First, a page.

In the years-long wake of the controversy surrounding a roadside zoo breeding big cats in a nearby municipality, Napanee joins communities across Ontario debating the need for municipal control of exotic animals.
A proposed exotic animal byaw that comes before Greater Napanee Council next week will differ significantly from the version previously presented at the Tuesday, Jan. 10, 2023 Council meeting. The changes to the bylaw, which was originally proposed to manage and control the ownership of exotic animals, come on the heels of public feedback that characterized the proposal as too restrictive.
Town Council received a report for information and the proposed template for the bylaw at their Tuesday, Jan. 10, 2023, meeting.
The initially proposed bylaw looked at three categories of animals: animals that pose a risk to human safety, animals that pose an invasive species risk if they escape, and animals with complex care needs that the average person may have difficulty providing.
However, according to Municipal Clerk Jessica Walters, “Based on the feedback received, we will be revising our list to just focus on that first category [animals that pose a risk to human safety].”
The original list of animals that the bylaw proposed to ban altogether included some surprising animals known for being popular pets, such as hedgehogs, parrots, iguanas, and ball pythons. “These exotic animals lists tend to be similar across municipalities,” explained Walters, “and I know Hastings County worked with the provincial OSPCA (Ontario Society for the Prevention of Cruelty to Animals) in creating their bylaw, among other agencies.”
Indeed, exotic animal bylaws are currently being considered by municipalities all over the province, spurred on by a controversy begun in 2020 that saw Hastings County take matters into its own hands when a roadside zoo that bred lions set up shop in Maynooth.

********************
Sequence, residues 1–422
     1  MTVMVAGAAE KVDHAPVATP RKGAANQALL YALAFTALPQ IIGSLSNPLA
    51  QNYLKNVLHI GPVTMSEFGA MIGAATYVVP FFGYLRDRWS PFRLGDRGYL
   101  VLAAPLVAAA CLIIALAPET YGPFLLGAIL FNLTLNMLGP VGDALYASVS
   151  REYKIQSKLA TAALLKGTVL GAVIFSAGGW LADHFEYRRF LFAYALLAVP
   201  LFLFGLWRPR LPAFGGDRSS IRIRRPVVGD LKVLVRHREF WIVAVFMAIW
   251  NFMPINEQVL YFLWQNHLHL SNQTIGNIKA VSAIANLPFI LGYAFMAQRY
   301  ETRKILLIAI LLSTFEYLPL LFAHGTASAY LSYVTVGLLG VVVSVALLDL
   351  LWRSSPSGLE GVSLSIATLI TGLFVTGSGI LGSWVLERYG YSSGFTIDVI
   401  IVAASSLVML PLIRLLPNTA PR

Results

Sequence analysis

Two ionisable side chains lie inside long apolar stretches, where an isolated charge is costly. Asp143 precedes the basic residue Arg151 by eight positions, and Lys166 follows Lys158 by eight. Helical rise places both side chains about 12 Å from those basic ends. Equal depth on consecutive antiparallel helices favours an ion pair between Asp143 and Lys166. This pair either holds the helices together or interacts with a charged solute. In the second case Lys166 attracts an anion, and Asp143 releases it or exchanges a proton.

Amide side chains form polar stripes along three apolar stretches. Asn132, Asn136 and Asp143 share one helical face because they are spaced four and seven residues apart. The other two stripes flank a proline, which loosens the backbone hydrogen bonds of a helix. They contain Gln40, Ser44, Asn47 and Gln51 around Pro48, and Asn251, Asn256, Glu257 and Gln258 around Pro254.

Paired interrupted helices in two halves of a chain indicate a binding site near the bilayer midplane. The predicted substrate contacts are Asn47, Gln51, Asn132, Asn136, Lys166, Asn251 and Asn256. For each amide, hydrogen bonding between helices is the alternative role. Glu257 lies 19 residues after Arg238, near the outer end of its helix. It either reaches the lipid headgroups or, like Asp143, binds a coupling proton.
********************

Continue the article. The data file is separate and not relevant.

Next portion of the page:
Federal and provincial legislation regulates the importing of exotic animals, the protection of endangered species, and the protection against animal cruelty. However, no province-wide legislation regulates the keeping of exotic animals as domestic pets in Ontario. It is up to the discretion of each municipality whether or how to restrict ownership. The authority to do so is granted under the Municipal Act, 2001.
So when Mark and Tammy Drysdale were all but driven from their home in Grand Bend by citizens who petitioned the local council opposing the couple’s right to keep and publicly display exotic animals in their neighbourhood, they simply moved to a municipality that had no such bylaw.
On August 18, 2021, the Municipality of Hastings Highlands passed its own exotic animal bylaw, which other municipalities, including Greater Napanee, have now used as a template for their own. Unfortunately, the bylaw didn’t stop four of the Drysdales’ lions from digging their way into a neighbouring enclosure on the property and killing and eating a mother tiger in July 2021. The Drysdales were, however, were charged with animal cruelty.
According to World Animal Protection, while Ontario restricts the ownership of native wild animals, the province’s laws do currently not address exotic wild animal ownership. Ontario is the only Canadian province that doesn’t legislate the ownership of exotic animals, such as lions, tigers, apes, and venomous reptiles, having delegated that responsibility to municipalities in 2001.